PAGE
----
Day: Apr 29, 2022
Time: 12:00 – 13:30 BST
Speaker: Jenifer Ho, City University of Hong Kong
To attend the talk please register here: https://www.eventbrite.com/e/multimodality-talks-series-jenifer-ho-tickets-247167533747
To watch the recorded talk, see here: https://universityofleeds.zoom.us/rec/share/vgfEUds9lB51hA-_Ln77SZ1rtDz_uoUnmLJ8PRt-CWGEprNhHcqFgdcFQ4N7dKhw.58O6fbjpZPI1-tgx
YouTube is increasingly used as a platform for knowledge sharing and construction. This trend is reinforced and popularised by the COVID-19 pandemic which results in an increasing number of people turning to YouTube for information and knowledge. The platform provides a space for micro-celebrities to come into contact with audience from a variety of lingua-cultural backgrounds, thus creating ample opportunities for intercultural communication. In these instances, micro-celebrities make certain aspects of their identities relevant or irrelevant through drawing on discursive and multimodal resources – performing Interculturality (Nishizaka, 1995; Zhu, 2015). Furthermore, during the pandemic, these micro-celebrities are influential not merely in terms of the way they portrait themselves aesthetically, but they also garner ‘moral credibility’ through performing their ‘authentic self’ (Tolson, 2001; Valentinsson, 2018). Thus, it is more important than ever to understand how interculturality and authenticity are constructed not only linguistically, but also multimodally, as is often the case in YouTube videos where micro-celebrities draw on the affordances of a wide range of semiotic resources for identity work.
This talk focuses on two videos created by multilingual YouTube micro-celebrities during the pandemic. By analysing one selected ‘moment’ in each video, informed by moment analysis (Li, 2011) and multimodal analysis (Kress, 2010), I demonstrate how such analyses can offer us insights into the multimodal construction of interculturality and authenticity by focusing on spontaneous and momentary actions which go beyond the linguistic mode. I further argue that the micro-celebrity’s multimodal performance of interculturality and authenticity grants him authority to be a promoter of certain cultural and health practices. The study can potentially pave way for a better understanding of the use of vernacular practices by micro-celebrities for global digital (health) communication.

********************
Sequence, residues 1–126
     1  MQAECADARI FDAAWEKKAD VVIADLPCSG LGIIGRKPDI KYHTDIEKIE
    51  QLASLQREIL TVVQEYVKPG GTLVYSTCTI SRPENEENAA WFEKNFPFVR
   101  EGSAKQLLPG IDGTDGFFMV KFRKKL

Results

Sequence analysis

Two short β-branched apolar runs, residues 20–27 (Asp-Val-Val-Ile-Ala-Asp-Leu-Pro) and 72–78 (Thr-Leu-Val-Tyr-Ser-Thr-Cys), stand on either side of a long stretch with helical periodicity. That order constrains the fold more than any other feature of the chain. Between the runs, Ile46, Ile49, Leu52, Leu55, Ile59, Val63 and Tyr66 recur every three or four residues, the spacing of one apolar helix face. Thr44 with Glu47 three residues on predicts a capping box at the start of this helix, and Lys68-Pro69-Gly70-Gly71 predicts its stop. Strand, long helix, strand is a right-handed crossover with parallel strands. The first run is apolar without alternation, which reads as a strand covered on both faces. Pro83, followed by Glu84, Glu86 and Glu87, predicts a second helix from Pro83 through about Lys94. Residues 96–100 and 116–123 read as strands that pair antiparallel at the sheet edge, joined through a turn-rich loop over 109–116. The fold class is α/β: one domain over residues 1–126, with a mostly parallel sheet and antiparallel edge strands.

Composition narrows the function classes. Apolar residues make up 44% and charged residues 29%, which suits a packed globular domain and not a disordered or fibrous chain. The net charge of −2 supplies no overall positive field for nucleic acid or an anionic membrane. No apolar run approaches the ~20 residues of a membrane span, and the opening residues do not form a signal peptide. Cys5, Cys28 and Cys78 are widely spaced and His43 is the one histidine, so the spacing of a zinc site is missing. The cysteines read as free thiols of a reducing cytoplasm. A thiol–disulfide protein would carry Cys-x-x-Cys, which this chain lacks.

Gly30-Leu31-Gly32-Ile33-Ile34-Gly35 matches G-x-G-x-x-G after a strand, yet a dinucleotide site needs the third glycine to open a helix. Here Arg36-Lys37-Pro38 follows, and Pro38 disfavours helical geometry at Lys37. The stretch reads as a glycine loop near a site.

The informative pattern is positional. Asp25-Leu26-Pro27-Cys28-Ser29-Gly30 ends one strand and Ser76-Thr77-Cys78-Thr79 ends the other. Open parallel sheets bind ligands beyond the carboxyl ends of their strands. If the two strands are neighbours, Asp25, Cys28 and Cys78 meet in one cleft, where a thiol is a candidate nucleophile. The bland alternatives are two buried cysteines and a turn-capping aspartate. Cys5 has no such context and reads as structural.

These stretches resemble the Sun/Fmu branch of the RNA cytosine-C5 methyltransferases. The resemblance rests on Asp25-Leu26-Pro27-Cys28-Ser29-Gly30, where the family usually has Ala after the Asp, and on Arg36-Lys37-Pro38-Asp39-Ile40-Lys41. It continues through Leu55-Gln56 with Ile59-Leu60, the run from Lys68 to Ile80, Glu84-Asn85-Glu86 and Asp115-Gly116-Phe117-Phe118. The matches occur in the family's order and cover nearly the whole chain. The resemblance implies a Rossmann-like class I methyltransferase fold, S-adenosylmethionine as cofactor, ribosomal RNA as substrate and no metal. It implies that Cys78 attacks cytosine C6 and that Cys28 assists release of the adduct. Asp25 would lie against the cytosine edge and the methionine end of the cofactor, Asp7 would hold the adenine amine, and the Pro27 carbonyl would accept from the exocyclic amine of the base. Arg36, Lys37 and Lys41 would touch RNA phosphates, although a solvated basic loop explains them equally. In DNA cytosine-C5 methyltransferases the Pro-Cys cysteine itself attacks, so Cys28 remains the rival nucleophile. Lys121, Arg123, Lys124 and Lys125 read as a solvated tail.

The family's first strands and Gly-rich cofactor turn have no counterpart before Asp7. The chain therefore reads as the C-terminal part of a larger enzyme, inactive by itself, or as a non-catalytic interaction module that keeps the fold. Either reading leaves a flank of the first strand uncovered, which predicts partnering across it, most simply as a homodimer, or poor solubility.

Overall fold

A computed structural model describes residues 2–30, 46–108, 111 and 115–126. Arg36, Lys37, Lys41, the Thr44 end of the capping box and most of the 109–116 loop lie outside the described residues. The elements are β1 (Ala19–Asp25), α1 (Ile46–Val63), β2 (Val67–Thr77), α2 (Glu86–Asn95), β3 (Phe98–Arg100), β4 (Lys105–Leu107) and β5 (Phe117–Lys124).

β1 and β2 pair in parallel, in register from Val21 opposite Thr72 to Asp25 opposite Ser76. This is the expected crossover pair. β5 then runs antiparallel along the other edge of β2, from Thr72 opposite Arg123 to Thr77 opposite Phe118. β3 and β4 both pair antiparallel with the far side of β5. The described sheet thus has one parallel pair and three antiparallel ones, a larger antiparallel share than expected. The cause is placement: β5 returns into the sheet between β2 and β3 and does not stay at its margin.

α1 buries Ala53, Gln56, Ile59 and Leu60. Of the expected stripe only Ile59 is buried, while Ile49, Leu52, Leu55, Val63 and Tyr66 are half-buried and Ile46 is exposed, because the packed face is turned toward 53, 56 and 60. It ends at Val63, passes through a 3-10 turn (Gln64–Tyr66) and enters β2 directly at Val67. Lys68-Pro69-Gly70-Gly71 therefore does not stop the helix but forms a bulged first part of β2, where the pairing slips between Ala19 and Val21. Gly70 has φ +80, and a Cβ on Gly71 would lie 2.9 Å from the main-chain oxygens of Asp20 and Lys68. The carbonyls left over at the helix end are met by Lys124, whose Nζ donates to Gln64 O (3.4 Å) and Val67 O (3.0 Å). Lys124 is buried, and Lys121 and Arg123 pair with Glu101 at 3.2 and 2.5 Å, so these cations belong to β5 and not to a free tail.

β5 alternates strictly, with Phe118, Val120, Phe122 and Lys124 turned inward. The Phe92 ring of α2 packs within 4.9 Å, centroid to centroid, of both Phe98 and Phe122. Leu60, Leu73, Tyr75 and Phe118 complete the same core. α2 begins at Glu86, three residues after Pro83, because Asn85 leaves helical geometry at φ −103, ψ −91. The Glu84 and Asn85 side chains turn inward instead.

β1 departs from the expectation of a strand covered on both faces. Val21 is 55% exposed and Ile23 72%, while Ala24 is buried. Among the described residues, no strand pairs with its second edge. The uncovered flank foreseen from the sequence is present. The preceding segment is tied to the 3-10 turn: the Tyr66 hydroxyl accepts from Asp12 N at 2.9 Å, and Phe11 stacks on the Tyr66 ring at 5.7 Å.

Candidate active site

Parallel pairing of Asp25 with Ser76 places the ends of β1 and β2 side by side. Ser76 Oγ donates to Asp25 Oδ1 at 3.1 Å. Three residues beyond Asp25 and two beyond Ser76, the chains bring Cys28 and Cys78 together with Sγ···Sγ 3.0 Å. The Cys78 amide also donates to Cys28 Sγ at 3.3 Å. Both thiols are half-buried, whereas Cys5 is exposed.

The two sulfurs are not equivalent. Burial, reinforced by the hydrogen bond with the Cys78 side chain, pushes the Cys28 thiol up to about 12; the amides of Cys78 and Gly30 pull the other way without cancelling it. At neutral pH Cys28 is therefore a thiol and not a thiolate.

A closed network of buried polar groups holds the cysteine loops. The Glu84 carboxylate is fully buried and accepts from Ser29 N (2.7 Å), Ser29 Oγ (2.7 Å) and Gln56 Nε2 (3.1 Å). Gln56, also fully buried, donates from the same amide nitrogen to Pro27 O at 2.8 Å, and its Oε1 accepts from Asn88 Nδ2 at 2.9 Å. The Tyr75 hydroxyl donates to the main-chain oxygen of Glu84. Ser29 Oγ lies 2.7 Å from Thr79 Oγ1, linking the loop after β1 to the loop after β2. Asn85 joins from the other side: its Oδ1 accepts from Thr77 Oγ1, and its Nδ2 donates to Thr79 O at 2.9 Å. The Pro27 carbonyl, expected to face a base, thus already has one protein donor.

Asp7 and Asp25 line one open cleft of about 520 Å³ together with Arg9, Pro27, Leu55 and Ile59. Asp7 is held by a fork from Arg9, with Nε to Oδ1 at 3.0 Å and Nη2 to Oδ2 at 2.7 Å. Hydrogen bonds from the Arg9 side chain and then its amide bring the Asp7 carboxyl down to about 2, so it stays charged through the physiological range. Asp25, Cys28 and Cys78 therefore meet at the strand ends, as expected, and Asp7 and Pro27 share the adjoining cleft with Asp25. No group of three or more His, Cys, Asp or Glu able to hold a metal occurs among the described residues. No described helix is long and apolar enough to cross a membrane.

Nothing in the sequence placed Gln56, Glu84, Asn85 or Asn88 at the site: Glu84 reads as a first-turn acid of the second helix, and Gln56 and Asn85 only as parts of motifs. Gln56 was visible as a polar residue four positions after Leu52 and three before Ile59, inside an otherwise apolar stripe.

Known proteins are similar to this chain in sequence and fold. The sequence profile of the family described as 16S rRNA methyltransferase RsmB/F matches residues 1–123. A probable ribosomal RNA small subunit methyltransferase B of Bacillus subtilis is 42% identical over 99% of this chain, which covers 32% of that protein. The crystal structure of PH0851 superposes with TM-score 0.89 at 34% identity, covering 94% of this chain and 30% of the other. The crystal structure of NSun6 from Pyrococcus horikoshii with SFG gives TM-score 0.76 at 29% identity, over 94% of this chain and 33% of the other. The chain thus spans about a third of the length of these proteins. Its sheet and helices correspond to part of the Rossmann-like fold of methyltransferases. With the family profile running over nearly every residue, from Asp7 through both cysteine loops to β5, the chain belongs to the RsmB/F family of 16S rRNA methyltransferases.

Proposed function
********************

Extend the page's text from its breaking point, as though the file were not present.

Kress, G. (2010). Multimodality: A Social Semiotic Approach to Contemporary Communication. Routledge.
Li, W. (2011). Moment analysis and translanguaging space: Discursive construction of identities by multilingual Chinese youth in Britain. Journal of Pragmatics, 43(5), 1222–1235.
Nishizaka, A. (1995). The interactive constitution of interculturality: How to be a Japanese with words. Human Studies, 18(2–3), 301–326.
Tolson, A. (2001). “Being yourself”: The pursuit of authentic celebrity. Discourse Studies, 3(4), 443–457.
Valentinsson, M. C. (2018). Stance and the construction of authentic celebrity persona. Language in Society, 47(5), 715–740.
Zhu, H. (2015). Interculturality: Reconceptualising cultural memberships and identities through translanguaging practice. In F. Dervin & K. Risager (Eds.), Researching identity and interculturality (pp. 109–124). Routledge.tract T.B.A. soon
Jenifer Ho is Assistant Professor in the Department of English, City University of Hong Kong. Her research interests lie in the areas of multimodality and translanguaging in digital platforms. She is particularly interested in recreational language learning of adults in online platforms and in the digital wild. She has published extensively in the use of YouTube videos for teaching and learning. In recent years, she has begun to explore how online videos play a role in shaping cultural identities and promoting health practices. Her work has appeared in Annual Review of Applied Linguistics, International Journal of Bilingual Education and Bilingualism, Journal of Second Language Writing, Qualitative Research, and System.